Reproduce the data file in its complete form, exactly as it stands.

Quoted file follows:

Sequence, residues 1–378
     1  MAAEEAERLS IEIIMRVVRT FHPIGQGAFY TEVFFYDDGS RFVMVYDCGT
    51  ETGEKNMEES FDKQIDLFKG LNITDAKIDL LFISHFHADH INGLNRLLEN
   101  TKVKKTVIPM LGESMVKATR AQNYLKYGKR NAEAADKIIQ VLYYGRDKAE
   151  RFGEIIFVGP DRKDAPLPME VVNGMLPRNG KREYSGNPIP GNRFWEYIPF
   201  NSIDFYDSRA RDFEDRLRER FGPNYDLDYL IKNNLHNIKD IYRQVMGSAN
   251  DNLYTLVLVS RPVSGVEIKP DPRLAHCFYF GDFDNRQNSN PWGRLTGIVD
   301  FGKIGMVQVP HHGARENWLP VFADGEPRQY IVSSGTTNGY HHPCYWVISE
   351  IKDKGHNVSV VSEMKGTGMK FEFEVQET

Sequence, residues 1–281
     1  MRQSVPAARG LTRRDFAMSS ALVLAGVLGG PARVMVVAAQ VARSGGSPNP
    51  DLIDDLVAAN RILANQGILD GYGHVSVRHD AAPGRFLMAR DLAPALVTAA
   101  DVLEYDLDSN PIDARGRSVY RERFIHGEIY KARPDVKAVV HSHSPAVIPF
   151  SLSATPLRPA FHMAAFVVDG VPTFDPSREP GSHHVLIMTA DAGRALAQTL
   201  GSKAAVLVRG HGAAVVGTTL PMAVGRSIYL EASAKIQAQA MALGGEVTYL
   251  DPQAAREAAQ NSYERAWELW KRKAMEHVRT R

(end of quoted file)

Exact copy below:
Sequence, residues 1–378
     1  MAAEEAERLS IEIIMRVVRT FHPIGQGAFY TEVFFYDDGS RFVMVYDCGT
    51  ETGEKNMEES FDKQIDLFKG LNITDAKIDL LFISHFHADH INGLNRLLEN
   101  TKVKKTVIPM LGESMVKATR AQNYLKYGKR NAEAADKIIQ VLYYGRDKAE
   151  RFGEIIFVGP DRKDAPLPME VVNGMLPRNG KREYSGNPIP GNRFWEYIPF
   201  NSIDFYDSRA RDFEDRLRER FGPNYDLDYL IKNNLHNIKD IYRQVMGSAN
   251  DNLYTLVLVS RPVSGVEIKP DPRLAHCFYF GDFDNRQNSN PWGRLTGIVD
   301  FGKIGMVQVP HHGARENWLP VFADGEPRQY IVSSGTTNGY HHPCYWVISE
   351  IKDKGHNVSV VSEMKGTGMK FEFEVQET

Sequence, residues 1–281
     1  MRQSVPAARG LTRRDFAMSS ALVLAGVLGG PARVMVVAAQ VARSGGSPNP
    51  DLIDDLVAAN RILANQGILD GYGHVSVRHD AAPGRFLMAR DLAPALVTAA
   101  DVLEYDLDSN PIDARGRSVY RERFIHGEIY KARPDVKAVV HSHSPAVIPF
   151  SLSATPLRPA FHMAAFVVDG VPTFDPSREP GSHHVLIMTA DAGRALAQTL
   201  GSKAAVLVRG HGAAVVGTTL PMAVGRSIYL EASAKIQAQA MALGGEVTYL
   251  DPQAAREAAQ NSYERAWELW KRKAMEHVRT R